On Saturday, a group of Lebanese revolutionaries, all in black, organized a funeral sit-in at the Martyrs’ Square in downtown Beirut to mourn their dying country.
They placed a coffin with a Lebanese flag, and, dressed all in black, they used their bodies to form the word Lebnan in Arabic. The symbolic scene screamed the despair of the people at the decaying situation in Lebanon.
This group, like all those who have been protesting since last year, don’t dwell in denial that Lebanon is sick and dying. They are probably the only majority who are not living in denial nor are they blinded by political talks and promises.
Their protests have been more than a call for a change. It has been a cry for help to save the country.
In a strong statement meant to spark an urgent intervention from the government, these protesters sat in, peacefully and mutely, to mourn their beloved country. The country that they love and for which their hearts are breaking.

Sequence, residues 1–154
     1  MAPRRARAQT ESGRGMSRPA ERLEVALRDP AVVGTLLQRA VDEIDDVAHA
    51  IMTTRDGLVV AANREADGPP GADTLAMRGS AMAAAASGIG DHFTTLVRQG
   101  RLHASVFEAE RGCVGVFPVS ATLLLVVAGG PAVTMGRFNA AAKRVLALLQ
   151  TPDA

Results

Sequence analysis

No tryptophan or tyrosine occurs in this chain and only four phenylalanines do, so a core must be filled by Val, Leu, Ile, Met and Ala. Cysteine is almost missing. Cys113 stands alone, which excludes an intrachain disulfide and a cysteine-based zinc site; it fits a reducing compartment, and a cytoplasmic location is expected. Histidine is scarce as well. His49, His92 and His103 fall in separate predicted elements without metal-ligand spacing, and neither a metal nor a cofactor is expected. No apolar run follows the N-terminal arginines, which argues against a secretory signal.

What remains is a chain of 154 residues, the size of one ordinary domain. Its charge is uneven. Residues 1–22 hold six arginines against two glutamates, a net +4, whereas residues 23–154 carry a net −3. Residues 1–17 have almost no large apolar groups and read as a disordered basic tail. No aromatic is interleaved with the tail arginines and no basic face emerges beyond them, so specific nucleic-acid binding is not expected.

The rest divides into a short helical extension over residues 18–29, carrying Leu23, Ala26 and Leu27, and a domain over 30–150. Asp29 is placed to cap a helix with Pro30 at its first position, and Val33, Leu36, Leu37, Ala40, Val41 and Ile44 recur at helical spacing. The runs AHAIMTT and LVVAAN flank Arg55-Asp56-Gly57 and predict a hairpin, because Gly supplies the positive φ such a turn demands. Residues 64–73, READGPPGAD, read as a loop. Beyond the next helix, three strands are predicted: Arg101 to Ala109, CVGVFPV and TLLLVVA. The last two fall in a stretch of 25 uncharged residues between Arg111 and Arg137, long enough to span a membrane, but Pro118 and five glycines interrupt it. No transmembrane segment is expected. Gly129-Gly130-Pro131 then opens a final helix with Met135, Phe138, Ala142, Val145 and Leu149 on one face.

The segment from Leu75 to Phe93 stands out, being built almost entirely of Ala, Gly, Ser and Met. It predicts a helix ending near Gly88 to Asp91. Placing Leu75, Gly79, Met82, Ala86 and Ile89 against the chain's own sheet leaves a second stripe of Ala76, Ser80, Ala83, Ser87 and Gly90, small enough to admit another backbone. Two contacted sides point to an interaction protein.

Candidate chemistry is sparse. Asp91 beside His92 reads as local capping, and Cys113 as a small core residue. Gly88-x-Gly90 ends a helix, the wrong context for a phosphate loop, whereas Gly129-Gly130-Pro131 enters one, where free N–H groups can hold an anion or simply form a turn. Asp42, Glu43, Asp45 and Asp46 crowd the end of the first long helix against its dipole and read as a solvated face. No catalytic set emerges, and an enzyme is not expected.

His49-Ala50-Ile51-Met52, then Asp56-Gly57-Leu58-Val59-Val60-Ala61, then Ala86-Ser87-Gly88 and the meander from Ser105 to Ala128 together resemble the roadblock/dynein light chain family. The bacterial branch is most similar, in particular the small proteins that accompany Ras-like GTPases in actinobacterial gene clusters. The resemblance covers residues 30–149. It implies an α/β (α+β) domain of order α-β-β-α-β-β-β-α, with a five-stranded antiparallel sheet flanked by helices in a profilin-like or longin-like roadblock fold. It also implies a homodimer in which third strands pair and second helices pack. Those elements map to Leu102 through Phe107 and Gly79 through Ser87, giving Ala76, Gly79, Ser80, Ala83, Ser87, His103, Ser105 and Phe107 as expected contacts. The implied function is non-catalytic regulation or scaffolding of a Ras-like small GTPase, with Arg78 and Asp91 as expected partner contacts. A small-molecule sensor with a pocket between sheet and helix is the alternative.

By doing so, they expressed their despair and that of the nation while delivering their message that the country needs saving with urgent and effective solutions to its many illnesses.
Whether their message was heard or disregarded like all the others the revolutionaries have been issuing for months, it is worth pointing out that this group is a perfect example of how peaceful Lebanese protesters express their anger and demands.
The revolutionaries are determined to keep their peaceful ways of protesting despite all the attempts to drag them into violence and vandalism.
Attempts by anti-revolution people to break their stance have been many but the revolutionaries are standing firm with their love for their country to which they only want the best.
The truth is that this Lebanese revolution is the revolution of mothers and fathers, parents and children, grandparents and students, people of professions and laborers, doctors and lawyers, and so on.
It’s a revolution of the nation beyond politics and sectarianism. It is a revolution calling to save Lebanon before it’s too late.
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